The company where I work full-time (not video related) has requested that I give them a quote on making a video about "Safe Lifting".. Basically something that employees can watch which is tailored specifically to the types of lifting they will do on the job. It will be up to me to figure out the structure of the video and to write a script, and I will most likely use employees for the talent. The goal is to make the video (or possibly videos if the topic warrants it) fairly short – 5 minutes or less. My question to you fine folks is this – How do you think I should price for a project of this nature?
Whenever I've done videos for pay in the past, I've either done an hourly rate or just threw out a price off the top of my head – Usually in the latter case I'd end up feeling like I didn't charge enough. This time I want to do myself right, but of course I don't want to ask for too much and scare away my boss!
What do you think?
Hey guys, I’m new to adobe premiere pro and video editing in general. I have a canon hf m31 camcorder and I live in Vegas. I’ve mostly been shooting vegas sites set to music. Check out this video I just made and any feedback would be greatly appreciated. I’d like to learn more about transitions, effects and post production stuff. Any tips would be greatly appreciated.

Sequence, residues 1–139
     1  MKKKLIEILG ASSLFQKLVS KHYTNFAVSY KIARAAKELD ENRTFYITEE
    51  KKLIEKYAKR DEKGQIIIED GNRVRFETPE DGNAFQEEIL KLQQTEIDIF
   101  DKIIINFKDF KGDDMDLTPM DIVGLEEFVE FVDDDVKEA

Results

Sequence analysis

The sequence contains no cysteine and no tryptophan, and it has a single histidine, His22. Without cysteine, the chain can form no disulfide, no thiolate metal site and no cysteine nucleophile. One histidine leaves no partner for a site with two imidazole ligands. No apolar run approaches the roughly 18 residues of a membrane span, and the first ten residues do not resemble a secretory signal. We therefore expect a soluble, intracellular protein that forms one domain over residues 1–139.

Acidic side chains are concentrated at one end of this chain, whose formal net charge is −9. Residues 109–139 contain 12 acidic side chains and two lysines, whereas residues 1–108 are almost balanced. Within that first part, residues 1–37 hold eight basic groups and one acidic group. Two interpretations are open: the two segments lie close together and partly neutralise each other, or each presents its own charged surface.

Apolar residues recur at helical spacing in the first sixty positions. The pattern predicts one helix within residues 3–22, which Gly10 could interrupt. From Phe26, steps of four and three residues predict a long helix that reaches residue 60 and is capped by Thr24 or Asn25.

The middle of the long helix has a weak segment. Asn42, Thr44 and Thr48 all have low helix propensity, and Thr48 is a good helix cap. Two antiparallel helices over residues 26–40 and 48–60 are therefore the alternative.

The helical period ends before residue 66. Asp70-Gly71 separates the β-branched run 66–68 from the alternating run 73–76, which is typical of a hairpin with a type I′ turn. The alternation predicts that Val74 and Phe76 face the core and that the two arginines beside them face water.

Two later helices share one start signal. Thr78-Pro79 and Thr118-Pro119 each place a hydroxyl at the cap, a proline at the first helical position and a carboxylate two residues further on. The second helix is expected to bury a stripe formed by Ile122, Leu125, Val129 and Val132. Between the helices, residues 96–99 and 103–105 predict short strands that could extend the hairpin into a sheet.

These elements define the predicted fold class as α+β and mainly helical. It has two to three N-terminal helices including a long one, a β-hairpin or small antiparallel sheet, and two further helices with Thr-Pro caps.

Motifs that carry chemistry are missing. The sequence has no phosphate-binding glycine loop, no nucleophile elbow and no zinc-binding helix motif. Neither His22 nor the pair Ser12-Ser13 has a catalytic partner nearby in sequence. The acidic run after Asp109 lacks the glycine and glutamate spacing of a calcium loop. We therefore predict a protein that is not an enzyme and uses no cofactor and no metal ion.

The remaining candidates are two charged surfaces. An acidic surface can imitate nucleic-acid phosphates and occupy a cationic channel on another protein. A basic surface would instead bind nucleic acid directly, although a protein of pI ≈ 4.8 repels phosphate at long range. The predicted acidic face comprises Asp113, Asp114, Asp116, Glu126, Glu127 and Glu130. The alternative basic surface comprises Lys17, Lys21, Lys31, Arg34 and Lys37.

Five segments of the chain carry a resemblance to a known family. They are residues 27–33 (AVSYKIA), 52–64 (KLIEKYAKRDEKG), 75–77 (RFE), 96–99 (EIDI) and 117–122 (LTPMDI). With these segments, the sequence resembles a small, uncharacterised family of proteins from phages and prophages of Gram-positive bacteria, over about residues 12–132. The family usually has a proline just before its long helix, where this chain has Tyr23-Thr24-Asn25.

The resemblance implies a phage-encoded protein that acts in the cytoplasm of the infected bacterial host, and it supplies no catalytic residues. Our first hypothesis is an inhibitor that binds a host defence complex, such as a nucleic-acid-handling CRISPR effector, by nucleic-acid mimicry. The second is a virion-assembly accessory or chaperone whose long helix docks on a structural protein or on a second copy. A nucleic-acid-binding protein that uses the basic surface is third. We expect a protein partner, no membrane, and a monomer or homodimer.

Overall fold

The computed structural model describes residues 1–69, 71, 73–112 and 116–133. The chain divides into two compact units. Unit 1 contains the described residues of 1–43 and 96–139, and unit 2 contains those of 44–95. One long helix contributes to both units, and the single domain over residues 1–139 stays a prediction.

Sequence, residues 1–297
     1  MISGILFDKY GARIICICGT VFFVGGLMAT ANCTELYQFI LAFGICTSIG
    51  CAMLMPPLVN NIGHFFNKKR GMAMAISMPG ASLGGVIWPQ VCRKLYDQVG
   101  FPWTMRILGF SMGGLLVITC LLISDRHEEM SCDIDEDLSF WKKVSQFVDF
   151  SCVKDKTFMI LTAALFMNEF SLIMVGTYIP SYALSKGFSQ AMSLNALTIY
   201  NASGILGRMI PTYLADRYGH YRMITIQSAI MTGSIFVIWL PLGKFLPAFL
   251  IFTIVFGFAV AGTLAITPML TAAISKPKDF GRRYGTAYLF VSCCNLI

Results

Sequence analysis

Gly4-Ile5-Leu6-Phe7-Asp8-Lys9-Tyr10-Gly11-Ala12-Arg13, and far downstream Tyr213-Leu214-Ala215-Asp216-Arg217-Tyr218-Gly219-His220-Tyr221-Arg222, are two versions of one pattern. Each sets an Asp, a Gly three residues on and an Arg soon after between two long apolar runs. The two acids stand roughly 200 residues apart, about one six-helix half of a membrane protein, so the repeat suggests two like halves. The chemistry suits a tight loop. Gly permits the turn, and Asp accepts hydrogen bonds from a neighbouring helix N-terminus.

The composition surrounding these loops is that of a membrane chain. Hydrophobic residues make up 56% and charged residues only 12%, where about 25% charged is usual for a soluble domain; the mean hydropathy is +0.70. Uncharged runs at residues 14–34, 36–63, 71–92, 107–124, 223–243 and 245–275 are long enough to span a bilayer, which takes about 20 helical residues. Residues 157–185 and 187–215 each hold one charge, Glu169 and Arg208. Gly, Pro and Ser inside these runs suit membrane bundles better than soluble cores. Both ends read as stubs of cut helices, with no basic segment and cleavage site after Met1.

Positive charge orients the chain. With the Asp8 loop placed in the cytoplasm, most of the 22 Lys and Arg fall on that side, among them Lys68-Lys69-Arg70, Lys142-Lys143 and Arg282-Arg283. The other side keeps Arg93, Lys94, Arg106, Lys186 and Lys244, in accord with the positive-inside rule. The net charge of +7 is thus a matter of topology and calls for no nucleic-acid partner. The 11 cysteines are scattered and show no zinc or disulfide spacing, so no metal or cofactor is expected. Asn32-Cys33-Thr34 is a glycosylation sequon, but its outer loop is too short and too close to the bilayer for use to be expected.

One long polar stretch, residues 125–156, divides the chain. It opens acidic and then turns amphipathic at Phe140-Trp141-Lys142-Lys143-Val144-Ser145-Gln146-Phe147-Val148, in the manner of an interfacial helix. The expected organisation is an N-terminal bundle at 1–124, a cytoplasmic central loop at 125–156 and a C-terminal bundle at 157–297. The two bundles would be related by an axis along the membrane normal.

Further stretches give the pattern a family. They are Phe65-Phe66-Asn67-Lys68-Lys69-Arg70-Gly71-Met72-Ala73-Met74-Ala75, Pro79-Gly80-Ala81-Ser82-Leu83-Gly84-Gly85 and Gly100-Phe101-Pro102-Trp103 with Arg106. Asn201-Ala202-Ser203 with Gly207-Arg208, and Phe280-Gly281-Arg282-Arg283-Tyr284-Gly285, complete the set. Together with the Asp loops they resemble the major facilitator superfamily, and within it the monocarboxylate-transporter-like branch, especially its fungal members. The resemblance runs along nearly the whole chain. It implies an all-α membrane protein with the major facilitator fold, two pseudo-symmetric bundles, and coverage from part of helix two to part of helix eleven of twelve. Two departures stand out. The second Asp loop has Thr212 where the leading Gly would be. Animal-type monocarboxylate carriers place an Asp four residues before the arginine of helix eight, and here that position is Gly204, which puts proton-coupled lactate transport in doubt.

I was trying to have the footage and edits fit the tone of the music. I feel like its decent but I’d like to make more professional looking videos.
Topic: Intro and question
I have been reading several threads of interest in the forum for the past couple of days, and I decided to join up to both contribute where I can and learn a thing or two where I am lacking.
I started my own production company about a year ago with both entertainment and health education in mind, and have been in pre-production on three projects since.
My expertise is most in writing and producing, though I have a solid intermediate level knowledge with Camera, Lighting, and Editing (I have a certification in Field Producing and Editing (Adobe Premiere Pro) from my local Public Access Station).
My primary project, original programing for the internet, is schedule to start shooting in July, where I will shoot the first 5 episodes and then air them over a ten week period.
My next project close to scheduling, will be several shorts that I will use in presentations and be also distributed via the internet (I am a certified Stress Management Facilitator), and they will include the use of chroma screen, and animation.